Tuesday, January 27, 2009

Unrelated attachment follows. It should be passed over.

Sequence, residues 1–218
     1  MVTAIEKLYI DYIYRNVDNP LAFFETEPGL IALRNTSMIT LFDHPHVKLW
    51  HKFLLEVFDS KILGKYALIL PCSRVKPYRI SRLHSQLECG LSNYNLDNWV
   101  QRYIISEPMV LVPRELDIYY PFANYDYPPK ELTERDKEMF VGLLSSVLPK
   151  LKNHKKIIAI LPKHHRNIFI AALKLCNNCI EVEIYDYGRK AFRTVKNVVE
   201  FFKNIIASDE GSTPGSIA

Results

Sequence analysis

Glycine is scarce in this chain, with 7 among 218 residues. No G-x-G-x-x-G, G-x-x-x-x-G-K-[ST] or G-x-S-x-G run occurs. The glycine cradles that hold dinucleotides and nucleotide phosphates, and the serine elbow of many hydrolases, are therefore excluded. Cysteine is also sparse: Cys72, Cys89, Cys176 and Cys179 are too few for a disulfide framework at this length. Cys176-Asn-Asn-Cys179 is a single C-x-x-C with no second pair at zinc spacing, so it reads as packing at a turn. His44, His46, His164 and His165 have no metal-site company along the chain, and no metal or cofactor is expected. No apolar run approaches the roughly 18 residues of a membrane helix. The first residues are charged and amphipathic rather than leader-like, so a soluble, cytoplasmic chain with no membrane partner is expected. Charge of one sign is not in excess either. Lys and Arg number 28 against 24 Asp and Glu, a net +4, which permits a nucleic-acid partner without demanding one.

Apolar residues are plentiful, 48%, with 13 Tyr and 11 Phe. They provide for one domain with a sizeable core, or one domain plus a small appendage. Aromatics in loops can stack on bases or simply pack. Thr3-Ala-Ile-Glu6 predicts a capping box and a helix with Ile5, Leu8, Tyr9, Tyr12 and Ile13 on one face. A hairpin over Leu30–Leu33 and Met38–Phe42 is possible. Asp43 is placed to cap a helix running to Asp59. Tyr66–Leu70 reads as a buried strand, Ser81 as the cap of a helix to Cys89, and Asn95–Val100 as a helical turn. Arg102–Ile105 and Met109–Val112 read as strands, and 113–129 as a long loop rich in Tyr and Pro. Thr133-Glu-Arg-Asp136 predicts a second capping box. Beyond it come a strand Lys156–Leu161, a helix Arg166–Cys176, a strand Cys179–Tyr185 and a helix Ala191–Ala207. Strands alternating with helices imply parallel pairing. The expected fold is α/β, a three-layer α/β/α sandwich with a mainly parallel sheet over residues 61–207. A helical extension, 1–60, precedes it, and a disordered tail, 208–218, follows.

I was interviewed yesterday by both BBC World Service TV and Radio about Somalia. Both the TV and Radio stations were primarily interested in the implications of the entry into Baidoa, the former Transitional Federal Government (TFG) headquarters in south central Somalia, of the Islamic militia known as al-Shabaab following the departure of Ethiopian forces. I argued this was no surprise, except that it happened faster than I anticipated. Baidoa has periodically witnessed fighting among different factions for many years. In one sense, this is a return to the past except one of the factions is different. Al-Shabaab is the best financed and best-armed group in Somalia today, but this does not assure that it will receive the support of most Somalis. A Shabaab spokesman took credit for the suicide bombing in Mogadishu three days ago that killed many innocent Somalis. Al-Shabaab also continues to carry out political assassinations. These radical tactics will not win over most Somalis. The problem is that the TFG and its moderate Islamist allies are in disarray. They are currently meeting in Djibouti where they agreed yesterday to double the size of parliament, primarily to add 200 moderate Islamists to the organization. The parliament has not yet elected a new president. At this point, it is not clear how much support the moderate Islamists will bring to this new government. The next several weeks in Somalia will favor Shabaab, but it is still possible for a moderate group of Somalis to assert control, especially if Shabaab continues to exercise extreme and unpopular tactics.